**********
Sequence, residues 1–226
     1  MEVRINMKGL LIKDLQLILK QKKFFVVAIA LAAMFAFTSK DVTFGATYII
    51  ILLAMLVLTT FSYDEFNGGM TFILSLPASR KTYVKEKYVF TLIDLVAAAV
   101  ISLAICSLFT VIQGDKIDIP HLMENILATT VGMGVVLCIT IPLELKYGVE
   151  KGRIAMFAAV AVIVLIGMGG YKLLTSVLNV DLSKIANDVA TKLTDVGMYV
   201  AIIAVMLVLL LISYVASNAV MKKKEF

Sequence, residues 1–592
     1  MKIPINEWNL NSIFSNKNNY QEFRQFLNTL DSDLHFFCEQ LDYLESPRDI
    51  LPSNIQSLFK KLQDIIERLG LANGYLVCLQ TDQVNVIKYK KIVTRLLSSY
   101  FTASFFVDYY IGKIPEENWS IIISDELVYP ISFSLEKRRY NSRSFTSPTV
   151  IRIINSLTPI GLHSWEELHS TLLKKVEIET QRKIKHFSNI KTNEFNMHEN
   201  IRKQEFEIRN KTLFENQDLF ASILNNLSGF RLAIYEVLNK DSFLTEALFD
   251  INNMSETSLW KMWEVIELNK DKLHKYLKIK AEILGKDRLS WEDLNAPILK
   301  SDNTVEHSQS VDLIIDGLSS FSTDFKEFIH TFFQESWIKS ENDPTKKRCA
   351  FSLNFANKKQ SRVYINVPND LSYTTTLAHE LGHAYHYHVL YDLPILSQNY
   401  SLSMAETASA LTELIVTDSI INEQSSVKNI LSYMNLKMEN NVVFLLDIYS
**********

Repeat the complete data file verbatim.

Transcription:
Sequence, residues 1–226
     1  MEVRINMKGL LIKDLQLILK QKKFFVVAIA LAAMFAFTSK DVTFGATYII
    51  ILLAMLVLTT FSYDEFNGGM TFILSLPASR KTYVKEKYVF TLIDLVAAAV
   101  ISLAICSLFT VIQGDKIDIP HLMENILATT VGMGVVLCIT IPLELKYGVE
   151  KGRIAMFAAV AVIVLIGMGG YKLLTSVLNV DLSKIANDVA TKLTDVGMYV
   201  AIIAVMLVLL LISYVASNAV MKKKEF

Sequence, residues 1–592
     1  MKIPINEWNL NSIFSNKNNY QEFRQFLNTL DSDLHFFCEQ LDYLESPRDI
    51  LPSNIQSLFK KLQDIIERLG LANGYLVCLQ TDQVNVIKYK KIVTRLLSSY
   101  FTASFFVDYY IGKIPEENWS IIISDELVYP ISFSLEKRRY NSRSFTSPTV
   151  IRIINSLTPI GLHSWEELHS TLLKKVEIET QRKIKHFSNI KTNEFNMHEN
   201  IRKQEFEIRN KTLFENQDLF ASILNNLSGF RLAIYEVLNK DSFLTEALFD
   251  INNMSETSLW KMWEVIELNK DKLHKYLKIK AEILGKDRLS WEDLNAPILK
   301  SDNTVEHSQS VDLIIDGLSS FSTDFKEFIH TFFQESWIKS ENDPTKKRCA
   351  FSLNFANKKQ SRVYINVPND LSYTTTLAHE LGHAYHYHVL YDLPILSQNY
   401  SLSMAETASA LTELIVTDSI INEQSSVKNI LSYMNLKMEN NVVFLLDIYS